Speaking of Shearer. Fans will remember Roy Keane taking a swing at him, then getting a card and then running after him to “fight” some more. David Beckham got in front of Keane to hold him back. Shearer remained cool but it was Classic Roy Keane. And let's not forget Alf Inge Haaland.
One of the must disgusting events on a football pitch was essentially a revenge foul that cost the career of another professional player.
Paul Hayward, in the Daily Telegraph, wrote: "Keane by name, and manically keen by nature, Manchester United's captain struck Alfie Haaland with a tackle so vindictive that it would have aroused the interest of the constabulary had it been made in an ale-speckled pub that Saturday night. 'Gotcha!' is what Keane apparently said to his old enemy as Haaland clutched his leg to make sure all the components of a limb were still there. Blackjack dealers have delivered cards less swiftly than David Elleray did in reaching for red. It is a measure of Keane's capacity for belligerence that no Manchester City player attempted to exact retribution with a fist or even a handbag."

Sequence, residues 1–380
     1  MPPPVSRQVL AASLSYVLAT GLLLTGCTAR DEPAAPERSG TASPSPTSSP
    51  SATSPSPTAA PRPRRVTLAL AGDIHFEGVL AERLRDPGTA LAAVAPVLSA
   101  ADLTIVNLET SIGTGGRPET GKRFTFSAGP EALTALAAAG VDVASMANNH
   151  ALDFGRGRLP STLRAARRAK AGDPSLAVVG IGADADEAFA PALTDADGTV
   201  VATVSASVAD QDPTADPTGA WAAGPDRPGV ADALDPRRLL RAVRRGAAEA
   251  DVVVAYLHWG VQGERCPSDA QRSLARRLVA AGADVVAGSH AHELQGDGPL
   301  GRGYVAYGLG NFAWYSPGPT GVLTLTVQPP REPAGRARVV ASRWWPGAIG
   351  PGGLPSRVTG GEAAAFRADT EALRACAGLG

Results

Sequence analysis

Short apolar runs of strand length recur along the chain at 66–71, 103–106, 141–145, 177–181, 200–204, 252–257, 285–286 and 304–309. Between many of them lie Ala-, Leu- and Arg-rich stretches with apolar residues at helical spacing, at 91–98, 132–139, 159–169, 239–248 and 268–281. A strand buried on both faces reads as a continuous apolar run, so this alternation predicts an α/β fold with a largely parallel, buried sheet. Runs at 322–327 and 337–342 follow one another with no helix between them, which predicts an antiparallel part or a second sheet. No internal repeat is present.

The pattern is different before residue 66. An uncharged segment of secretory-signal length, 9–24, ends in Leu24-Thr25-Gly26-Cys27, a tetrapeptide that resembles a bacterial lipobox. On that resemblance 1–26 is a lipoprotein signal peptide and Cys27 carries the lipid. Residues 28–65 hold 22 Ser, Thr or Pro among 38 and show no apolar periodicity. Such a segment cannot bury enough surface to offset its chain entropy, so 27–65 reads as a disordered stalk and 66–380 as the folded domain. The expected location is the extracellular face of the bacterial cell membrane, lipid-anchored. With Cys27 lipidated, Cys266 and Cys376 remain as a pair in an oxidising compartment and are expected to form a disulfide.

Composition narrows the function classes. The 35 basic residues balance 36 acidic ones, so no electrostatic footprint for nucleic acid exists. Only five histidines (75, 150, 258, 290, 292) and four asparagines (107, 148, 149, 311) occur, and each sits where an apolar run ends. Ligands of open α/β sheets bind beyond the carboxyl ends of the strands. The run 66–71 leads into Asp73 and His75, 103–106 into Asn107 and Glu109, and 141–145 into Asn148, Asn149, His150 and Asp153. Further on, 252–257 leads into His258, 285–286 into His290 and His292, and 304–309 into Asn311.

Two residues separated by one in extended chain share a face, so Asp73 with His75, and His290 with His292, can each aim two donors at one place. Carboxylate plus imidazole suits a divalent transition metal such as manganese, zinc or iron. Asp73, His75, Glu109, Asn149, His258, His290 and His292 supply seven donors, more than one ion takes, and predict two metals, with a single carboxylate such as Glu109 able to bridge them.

Keane's injury to Haaland was so bad that he retired two years later.
In Keane's Autobiography he wrote that he had set out to injure Haaland."I'd waited long enough. I f****** hit him hard," he wrote. "The ball was there (I think). Take that you c***. And don't ever stand over me sneering about fake injuries."